Operate after Brexit

Trade with third countries

Trade with third countries

EU free trade agreements that offered Scottish businesses preferential terms no longer apply. The UK has agreed continuity agreements with some countries, but not all, so in some cases the levels of coverage will now be different.

Existing UK trade agreements with non-EU countries

The UK Government has been negotiating 'rolling over existing EU trade agreements and secure continuity of trading arrangements for Scottish businesses. For any countries that the UK does not establish a continuity deal with, that trade will revert to WTO 'Most Favoured Nation' terms.

Access the UK Government’s up-to-date list of the continuity trade agreements already secured

Signed trade agreements, not fully in effect

There are some trade agreements the UK has signed which are partially applied or have not fully taken effect yet.

  • Albania - expected to enter into effect in early 2021. Trade takes place under WTO terms.
  • Canada - expected to enter into effect in early 2021. Preferential tariff rates are being applied.
  • Jordan - Expected to enter into effect in early 2021. Trade takes place under the Generalised Scheme of Preferences for imports and under WTO terms for UK exports.
  • Mexico - Expected to enter into effect in early 2021. Preferential tariff rates are being applied.

These agreements do not necessarily provide the same levels of coverage that Scottish businesses have benefited from as EU members. Businesses should consult UK Government guidance for further information on UK trade arrangements with non-EU countries.

Significant areas of divergence exist for the following agreements (this list is not exhaustive):

  • Norway and Iceland: this agreement covers trade in goods - including provisions on preferential tariffs, tariff rate quotas, rules of origin and customs and trade facilitation. Due to interdependencies with EU laws and systems, the services and investment provisions of the existing EEA Agreement have not been transitioned. This means the agreement does not cover trade in services and investment. Find out more from the Government's summary of the agreement.
    Canada: While an FTA has been signed, it has not yet been approved by the Canadian and UK Parliaments. Until this point, UK and Canada have agreed transitional measures to maintain the flow of goods. This agreement covers tariff-free trade, access to Tariff Rate Quotas and arrangements around Rules of Origin. Arrangements to maintain shared recognition rules on compliance of good manufacturing practices (GMP) and mutual acceptance of the results of conformity assessment for certain products are being finalised. Find out more from the Government's summary of the agreement.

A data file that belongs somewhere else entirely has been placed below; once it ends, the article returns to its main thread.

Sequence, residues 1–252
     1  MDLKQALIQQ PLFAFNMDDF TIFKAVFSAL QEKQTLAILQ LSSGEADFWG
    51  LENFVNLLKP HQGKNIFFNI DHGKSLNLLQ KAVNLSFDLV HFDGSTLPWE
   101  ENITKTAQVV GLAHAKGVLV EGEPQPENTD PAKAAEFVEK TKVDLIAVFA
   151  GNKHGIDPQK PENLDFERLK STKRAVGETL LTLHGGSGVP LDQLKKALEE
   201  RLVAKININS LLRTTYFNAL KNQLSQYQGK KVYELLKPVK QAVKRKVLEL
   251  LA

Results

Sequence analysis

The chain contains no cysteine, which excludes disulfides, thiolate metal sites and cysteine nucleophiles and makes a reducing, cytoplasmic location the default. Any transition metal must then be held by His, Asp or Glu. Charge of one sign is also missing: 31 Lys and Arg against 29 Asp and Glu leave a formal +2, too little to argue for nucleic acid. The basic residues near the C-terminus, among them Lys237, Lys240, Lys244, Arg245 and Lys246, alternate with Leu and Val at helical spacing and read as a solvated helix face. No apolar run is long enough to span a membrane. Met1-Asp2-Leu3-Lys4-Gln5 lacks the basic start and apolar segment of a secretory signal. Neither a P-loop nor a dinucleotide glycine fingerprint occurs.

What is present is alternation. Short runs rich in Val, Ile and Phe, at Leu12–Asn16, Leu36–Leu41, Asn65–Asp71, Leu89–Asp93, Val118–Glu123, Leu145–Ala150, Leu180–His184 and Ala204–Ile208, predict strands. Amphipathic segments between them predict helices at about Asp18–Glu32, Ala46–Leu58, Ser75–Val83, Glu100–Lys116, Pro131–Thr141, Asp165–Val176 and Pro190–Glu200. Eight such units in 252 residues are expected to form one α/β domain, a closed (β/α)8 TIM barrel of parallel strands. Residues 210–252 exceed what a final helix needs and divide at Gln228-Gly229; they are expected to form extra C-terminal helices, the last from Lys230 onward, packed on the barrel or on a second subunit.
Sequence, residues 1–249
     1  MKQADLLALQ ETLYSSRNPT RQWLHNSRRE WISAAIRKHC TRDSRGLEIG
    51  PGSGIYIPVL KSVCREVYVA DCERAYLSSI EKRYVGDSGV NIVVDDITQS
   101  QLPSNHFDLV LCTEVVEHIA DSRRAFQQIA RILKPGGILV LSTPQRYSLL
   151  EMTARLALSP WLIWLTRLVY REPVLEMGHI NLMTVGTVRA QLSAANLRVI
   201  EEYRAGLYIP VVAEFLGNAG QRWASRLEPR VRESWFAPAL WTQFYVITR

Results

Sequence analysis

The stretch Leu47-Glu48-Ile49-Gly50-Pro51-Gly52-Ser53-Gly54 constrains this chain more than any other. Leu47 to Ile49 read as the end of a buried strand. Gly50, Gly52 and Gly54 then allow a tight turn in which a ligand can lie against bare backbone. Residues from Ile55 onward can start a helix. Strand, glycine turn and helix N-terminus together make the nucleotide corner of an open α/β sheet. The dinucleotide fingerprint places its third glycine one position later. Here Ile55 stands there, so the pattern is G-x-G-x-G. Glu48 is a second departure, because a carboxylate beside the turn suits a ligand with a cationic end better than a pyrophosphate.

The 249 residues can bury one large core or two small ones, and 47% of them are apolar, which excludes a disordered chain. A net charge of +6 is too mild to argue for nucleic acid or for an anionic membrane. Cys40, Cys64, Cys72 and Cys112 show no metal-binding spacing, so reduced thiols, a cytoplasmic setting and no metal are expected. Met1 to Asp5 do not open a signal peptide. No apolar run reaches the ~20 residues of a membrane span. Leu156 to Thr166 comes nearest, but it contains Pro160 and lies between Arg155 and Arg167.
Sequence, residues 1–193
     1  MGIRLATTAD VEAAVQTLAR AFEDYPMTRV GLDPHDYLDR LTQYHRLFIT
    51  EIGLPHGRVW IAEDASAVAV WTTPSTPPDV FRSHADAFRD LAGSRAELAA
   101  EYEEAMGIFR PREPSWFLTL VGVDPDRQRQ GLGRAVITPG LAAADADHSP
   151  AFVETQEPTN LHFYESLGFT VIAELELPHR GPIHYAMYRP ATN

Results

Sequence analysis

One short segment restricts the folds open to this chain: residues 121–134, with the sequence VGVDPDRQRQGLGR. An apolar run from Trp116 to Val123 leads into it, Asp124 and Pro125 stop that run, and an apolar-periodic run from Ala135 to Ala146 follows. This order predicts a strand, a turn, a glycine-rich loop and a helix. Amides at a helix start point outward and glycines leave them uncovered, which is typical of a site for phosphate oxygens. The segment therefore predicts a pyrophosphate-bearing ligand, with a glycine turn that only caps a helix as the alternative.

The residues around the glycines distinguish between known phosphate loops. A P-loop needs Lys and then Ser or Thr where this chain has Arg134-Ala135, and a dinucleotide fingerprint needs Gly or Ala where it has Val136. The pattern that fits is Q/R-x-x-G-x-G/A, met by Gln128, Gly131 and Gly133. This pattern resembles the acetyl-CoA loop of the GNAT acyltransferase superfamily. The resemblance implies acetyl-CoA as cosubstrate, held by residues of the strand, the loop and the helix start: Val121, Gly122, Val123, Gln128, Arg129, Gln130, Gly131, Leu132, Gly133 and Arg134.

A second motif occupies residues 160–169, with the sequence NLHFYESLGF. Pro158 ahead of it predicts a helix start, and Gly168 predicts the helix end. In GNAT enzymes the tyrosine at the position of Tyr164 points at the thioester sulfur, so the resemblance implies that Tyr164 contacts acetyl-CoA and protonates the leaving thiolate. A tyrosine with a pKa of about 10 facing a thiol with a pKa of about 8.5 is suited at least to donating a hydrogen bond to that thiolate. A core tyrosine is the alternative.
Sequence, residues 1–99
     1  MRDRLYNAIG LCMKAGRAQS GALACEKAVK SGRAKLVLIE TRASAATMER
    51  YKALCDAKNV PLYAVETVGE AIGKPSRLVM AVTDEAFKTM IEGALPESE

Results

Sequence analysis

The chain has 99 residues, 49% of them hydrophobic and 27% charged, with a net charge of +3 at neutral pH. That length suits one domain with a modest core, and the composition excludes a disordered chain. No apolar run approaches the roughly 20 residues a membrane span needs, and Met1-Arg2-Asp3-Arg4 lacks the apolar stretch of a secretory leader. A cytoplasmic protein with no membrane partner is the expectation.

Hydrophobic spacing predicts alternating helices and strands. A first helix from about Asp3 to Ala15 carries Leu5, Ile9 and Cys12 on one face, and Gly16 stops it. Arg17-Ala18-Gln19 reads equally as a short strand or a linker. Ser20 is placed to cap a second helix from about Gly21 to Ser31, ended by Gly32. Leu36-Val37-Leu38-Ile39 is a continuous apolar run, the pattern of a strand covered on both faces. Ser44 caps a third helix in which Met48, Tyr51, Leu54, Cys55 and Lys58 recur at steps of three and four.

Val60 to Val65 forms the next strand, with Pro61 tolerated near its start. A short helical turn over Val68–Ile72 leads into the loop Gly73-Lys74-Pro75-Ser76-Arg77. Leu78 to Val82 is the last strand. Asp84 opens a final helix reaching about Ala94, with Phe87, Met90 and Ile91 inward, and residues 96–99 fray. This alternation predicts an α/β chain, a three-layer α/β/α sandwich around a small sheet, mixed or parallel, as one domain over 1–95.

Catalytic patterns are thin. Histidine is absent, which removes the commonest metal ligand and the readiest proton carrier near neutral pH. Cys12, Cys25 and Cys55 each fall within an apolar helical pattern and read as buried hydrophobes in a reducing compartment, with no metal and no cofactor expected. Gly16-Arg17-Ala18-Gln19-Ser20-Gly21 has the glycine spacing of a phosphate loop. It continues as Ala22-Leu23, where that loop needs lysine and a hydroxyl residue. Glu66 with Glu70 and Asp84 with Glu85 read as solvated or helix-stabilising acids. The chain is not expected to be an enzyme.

Countries with no continuity agreement

There are still a number of countries with which the UK has not signed continuity agreements:

  • Algeria - Generalised Scheme of Preferences for imports. UK exports will be subject to Algerian national legislation.
  • Ghana - Agreement expected to be completed shortly. Generalised Scheme of Preferences for imports and under WTO terms for UK exports.
  • Bosnia and Herzegovina - WTO terms for imports. UK exports will be subject to Bosnia and Herzegovina national legislation.
  • Montenegro - Trade takes place under WTO terms
  • Serbia - WTO terms for imports. UK exports will be subject to Serbian national legislation

Types of trade agreements

Free trade agreement

A Free Trade Agreement is an agreement between two or more parties intended to reduce (or eliminate) tariffs, quotas and other trade restrictions.

Where there is no such trade agreement, then trade is on the basis of World Trade Organisation (WTO) Most Favoured Nation tariff schedules. Losing the preferential tariff rates in a trade agreement could lead to increased duties on exports from and imports to the UK, incurring costs for exporters; increasing the price of imported products for consumers and potentially leading to a reduction in the choice of products available.

In addition to the programme of continuity free trade agreements discussed above, the UK has also launched negotiations on new free trade agreements (FTAs) with the USA, Australia, and New Zealand. The EU does not currently have agreements with these countries. The UK has also recently signed a new trade agreement with Japan, which builds on the existing EU/Japan agreement.

Mutual recognition agreement

A mutual recognition agreement (MRA) is one in which countries recognise one another’s conformity assessments. When conformity assessments are applied to products, they are tested to an established performance standard. Inspections, quality management, surveillance, accreditation and declarations of conformity also take place.

The UK has signed MRAs with:

  • Australia
  • New Zealand
  • United States of America

Access an up to date list of the MRAs signed by the UK.

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